Colombia’s infamous drug economy is no news to the international community. The US have poured billions into shutting it down but it just keeps on rolling. And now a new phenomenon has emerged: the widespread use of Western tourists as “mules” smuggling the drugs through customs. This fast-paced, gritty documentary delves into Colombia’s seedy underworld and experiences this deadlocked war on all its fronts.
In Bogota grim, gritty reality hits hard. We meet Michel, a young Frenchman whose week long holiday in Colombia has been unexpectedly extended. Short of cash back home in France he came to Colombia, where he had heard a fortune could be made carrying cocaine through customs.
“I thought I could get through and return to my country with no problem. But no, I got caught.” Michel is now serving a six-year sentence in one of Colombia’s toughest jails. “They’re all armed, either with knives or even with scissors and pens. You’re waiting in line to eat and bam, they get you…” The men he shares a cell with are mostly convicted murderers.
“You arrive with no problem. You travel with no problem” and then, at the other end, “everything that goes in comes out. As simple as that. And 6000 euros richer.” We have been approached by cocaine smugglers who have heard we will work for them. They take us to their workshop where our hidden camera rolls as we watch a smuggler being prepared. Powder is poured into the finger of a latex glove and packed down, before being covered in a coating of wax. Each capsule is the size of a large almond and contains 6g of cocaine. “How many capsules will you swallow?” we ask, “119” the answer comes back.
We move swiftly to our next destination. We had been warned that, “anyone who talks has to take the consequences.” We don’t want to risk the smugglers finding us out, and take refuge with an Anti-Drug Hit Squad preparing to launch an attack.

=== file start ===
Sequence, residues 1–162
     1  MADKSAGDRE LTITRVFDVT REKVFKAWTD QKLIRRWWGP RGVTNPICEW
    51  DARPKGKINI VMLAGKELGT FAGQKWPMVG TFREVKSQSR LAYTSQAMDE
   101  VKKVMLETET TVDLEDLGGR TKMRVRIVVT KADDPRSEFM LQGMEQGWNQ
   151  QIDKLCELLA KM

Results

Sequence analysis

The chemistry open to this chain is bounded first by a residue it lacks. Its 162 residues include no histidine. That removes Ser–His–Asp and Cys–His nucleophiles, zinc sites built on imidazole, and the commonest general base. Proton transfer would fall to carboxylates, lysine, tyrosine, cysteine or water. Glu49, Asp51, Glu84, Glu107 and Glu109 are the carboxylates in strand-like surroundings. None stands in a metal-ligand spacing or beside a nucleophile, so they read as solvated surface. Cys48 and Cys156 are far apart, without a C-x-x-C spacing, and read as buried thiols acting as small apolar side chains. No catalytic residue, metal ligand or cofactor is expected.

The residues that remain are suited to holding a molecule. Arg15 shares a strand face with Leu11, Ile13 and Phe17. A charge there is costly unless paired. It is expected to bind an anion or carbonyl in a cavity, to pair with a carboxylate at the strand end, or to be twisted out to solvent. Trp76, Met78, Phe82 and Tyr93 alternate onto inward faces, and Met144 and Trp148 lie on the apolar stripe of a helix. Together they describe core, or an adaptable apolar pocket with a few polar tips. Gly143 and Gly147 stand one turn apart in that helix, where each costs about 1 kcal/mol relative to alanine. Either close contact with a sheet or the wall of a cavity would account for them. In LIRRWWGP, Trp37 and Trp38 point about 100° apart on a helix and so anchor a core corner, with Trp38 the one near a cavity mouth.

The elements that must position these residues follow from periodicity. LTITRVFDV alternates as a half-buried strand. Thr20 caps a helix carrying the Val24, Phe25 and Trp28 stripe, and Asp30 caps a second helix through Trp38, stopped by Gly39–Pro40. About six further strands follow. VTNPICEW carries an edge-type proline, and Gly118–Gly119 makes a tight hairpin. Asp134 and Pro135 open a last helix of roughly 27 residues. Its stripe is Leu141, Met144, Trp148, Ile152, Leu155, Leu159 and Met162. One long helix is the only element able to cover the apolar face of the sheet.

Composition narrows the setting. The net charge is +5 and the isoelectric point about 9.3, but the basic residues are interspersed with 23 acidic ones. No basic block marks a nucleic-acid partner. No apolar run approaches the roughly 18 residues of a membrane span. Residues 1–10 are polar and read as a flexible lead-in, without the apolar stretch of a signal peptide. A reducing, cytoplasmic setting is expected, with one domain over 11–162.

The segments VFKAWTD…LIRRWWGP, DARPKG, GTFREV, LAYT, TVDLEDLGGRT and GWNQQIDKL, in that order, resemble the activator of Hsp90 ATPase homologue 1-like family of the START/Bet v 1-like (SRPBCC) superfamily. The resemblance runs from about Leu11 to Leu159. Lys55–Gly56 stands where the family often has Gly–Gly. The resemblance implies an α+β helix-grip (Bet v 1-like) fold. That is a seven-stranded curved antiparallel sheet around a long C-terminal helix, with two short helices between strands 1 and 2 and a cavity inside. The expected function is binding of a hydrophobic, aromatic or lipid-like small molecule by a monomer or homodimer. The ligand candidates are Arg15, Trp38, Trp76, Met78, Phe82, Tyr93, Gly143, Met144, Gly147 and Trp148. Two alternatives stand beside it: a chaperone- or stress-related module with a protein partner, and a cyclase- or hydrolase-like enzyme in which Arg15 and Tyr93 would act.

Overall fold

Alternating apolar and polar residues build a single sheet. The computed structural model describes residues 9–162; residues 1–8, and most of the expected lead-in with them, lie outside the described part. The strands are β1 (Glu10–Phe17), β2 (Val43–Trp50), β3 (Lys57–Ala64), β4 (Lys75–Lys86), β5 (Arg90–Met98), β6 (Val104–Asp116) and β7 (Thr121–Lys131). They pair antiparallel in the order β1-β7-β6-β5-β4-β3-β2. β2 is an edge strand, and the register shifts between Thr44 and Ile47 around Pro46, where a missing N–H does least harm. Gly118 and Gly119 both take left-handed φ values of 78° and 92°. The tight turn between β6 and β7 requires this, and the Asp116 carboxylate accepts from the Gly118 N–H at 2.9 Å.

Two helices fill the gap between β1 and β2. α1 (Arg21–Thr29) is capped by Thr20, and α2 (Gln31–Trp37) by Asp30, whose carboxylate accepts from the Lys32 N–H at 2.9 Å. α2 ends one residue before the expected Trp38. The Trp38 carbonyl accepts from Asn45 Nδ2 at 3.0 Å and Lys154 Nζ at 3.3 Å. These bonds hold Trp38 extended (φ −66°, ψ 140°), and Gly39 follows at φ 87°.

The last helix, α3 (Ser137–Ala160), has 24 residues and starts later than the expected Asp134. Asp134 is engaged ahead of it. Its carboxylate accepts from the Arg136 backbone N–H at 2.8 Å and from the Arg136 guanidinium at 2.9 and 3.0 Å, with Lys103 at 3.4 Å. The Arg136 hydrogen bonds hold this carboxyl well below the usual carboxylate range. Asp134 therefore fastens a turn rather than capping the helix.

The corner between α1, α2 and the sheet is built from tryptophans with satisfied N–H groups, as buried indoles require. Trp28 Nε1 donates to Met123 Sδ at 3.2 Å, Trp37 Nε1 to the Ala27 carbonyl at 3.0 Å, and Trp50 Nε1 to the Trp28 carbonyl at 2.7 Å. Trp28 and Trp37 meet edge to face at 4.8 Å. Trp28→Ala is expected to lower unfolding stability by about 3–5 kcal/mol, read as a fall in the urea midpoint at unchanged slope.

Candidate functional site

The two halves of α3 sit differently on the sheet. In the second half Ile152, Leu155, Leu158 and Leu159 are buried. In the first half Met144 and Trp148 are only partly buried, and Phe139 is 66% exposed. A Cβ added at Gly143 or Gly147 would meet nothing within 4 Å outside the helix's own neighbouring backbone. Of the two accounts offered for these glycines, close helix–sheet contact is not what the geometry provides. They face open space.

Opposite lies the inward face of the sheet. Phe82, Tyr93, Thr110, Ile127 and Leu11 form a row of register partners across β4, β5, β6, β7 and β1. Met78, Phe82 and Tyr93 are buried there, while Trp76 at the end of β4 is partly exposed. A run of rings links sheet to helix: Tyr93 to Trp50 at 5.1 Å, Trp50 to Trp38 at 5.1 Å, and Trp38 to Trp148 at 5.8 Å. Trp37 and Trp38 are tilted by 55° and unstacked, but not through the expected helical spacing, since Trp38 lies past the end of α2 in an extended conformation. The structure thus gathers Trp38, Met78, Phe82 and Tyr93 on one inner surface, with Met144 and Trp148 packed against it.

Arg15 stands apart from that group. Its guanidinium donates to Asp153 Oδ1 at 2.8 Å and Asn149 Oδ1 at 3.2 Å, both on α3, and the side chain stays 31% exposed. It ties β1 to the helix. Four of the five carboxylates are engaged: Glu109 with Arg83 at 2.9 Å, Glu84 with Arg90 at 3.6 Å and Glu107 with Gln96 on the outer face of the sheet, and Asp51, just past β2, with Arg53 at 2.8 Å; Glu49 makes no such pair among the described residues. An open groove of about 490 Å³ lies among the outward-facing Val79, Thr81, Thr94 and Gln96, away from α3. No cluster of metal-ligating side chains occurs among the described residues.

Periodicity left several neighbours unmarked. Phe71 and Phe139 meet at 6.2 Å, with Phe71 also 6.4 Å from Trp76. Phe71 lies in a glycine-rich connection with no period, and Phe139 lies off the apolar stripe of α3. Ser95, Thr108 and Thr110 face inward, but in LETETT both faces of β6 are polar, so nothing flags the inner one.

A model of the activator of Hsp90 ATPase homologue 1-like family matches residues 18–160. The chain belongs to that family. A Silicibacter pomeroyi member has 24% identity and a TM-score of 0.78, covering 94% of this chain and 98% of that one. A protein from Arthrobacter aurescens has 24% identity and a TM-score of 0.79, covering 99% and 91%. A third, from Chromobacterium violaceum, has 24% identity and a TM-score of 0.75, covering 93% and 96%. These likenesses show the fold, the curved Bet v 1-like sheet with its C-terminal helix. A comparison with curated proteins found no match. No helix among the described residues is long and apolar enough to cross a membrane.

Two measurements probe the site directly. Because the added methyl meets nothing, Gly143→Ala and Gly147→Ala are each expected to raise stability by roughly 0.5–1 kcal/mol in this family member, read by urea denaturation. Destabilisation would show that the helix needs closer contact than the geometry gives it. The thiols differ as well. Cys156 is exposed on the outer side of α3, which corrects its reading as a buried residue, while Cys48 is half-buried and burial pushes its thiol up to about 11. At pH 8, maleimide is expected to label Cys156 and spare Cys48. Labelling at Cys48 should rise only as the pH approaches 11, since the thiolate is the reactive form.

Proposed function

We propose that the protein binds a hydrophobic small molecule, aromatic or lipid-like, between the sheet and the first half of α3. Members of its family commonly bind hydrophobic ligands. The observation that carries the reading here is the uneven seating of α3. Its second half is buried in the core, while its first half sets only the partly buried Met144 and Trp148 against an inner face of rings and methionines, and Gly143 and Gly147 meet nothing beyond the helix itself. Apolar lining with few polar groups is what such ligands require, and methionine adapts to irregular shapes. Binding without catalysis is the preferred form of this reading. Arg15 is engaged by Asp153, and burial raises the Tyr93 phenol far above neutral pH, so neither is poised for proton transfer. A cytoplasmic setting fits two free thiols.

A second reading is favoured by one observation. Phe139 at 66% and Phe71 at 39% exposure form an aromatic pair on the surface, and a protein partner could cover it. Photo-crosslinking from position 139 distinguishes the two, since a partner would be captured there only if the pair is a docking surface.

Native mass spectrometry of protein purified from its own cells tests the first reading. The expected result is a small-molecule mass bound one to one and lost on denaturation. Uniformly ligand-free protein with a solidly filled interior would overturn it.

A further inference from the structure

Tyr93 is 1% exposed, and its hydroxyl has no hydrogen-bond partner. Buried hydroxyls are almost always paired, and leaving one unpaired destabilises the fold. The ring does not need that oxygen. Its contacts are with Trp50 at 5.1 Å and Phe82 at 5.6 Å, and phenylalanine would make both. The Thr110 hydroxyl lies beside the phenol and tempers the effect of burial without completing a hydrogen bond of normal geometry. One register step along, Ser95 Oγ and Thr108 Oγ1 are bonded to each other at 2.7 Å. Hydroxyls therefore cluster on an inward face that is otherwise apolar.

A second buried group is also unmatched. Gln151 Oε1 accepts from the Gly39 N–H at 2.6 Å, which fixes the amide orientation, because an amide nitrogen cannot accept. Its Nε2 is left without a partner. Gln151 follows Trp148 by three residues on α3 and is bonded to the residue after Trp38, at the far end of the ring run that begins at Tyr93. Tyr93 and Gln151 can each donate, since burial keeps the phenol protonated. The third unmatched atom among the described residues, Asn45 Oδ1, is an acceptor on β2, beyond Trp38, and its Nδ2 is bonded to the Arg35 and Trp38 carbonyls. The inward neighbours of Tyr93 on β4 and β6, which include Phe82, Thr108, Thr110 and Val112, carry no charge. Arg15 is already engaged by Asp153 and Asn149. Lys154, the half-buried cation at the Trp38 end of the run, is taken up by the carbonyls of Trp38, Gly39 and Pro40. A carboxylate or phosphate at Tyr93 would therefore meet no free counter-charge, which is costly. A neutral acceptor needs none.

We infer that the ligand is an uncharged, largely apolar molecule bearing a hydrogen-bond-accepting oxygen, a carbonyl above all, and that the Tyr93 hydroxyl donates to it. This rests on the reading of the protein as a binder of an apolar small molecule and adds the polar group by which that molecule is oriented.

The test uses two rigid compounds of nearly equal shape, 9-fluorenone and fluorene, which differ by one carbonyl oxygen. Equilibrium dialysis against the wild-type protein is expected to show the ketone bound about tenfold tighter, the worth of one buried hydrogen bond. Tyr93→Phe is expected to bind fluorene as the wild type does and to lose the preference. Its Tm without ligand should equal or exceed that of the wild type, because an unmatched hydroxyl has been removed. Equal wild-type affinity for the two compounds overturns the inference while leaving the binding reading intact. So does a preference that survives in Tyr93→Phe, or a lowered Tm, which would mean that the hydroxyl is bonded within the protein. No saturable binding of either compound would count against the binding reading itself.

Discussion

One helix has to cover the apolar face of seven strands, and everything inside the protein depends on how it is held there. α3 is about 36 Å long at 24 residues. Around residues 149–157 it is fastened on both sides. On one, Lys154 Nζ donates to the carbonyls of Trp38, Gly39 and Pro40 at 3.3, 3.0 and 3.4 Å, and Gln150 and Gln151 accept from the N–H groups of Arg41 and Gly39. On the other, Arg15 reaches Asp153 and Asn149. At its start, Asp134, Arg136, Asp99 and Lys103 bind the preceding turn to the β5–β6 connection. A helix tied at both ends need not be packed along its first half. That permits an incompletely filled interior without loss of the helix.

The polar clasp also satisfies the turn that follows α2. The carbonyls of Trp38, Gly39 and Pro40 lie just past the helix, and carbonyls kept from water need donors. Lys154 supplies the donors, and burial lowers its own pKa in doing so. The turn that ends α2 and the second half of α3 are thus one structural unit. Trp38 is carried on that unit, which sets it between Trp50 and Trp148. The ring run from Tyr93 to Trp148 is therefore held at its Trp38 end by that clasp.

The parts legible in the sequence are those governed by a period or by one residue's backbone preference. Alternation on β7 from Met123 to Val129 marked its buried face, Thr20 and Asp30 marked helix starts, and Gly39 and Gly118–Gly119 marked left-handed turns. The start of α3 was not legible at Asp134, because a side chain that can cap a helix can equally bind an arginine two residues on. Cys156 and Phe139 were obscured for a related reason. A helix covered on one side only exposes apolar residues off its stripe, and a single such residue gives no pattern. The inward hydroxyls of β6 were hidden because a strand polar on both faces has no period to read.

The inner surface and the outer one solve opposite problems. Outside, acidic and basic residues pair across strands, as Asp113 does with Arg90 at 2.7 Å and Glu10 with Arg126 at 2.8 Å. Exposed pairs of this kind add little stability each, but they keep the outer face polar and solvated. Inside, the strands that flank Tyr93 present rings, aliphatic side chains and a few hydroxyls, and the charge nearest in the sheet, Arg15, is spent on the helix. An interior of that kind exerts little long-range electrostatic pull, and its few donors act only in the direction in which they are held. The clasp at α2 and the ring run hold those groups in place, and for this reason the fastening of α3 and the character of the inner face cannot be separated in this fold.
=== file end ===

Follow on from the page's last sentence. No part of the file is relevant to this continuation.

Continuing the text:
“The grenade…the grenade. Do you see the smoke?” Three heavily armed helicopters swoop down on the Amazonian jungle. Major Santamaria and his men have spotted an illegal cocaine factory. The operation is fraught with danger: 20 Government Commandos die every week in these raids. “The fact that they haven’t shot at us doesn’t meant there aren’t enemies in the area.” Mines and traps make the soldiers wary. They force a local farmer to lead them to the factory. Then their fury is unleashed. Teams of commandos throw gallons of petrol everywhere. Others snatch account books and a GPS away just in time as flames leap into the air. “Lets get out of here. Quick!”
High up in the Andes the battle takes a different form. “They come straight at us and pee on us. That’s how we say it here,” explains farmer Don Jairo, “All the fields are burned. My vegetables, my carrots.” This is a US concept: poison the jungle, and no drug can grow. And so, the tentacles of Colombia’s greedy drugs economy stretch out even to this beautiful, Andean mountainside.
Elite commando raids in remote jungle locations, teenage tourists banged up in maximum-security jails and dodgy back alley deals: this is a story no one could make up. Sit back and hold on tight!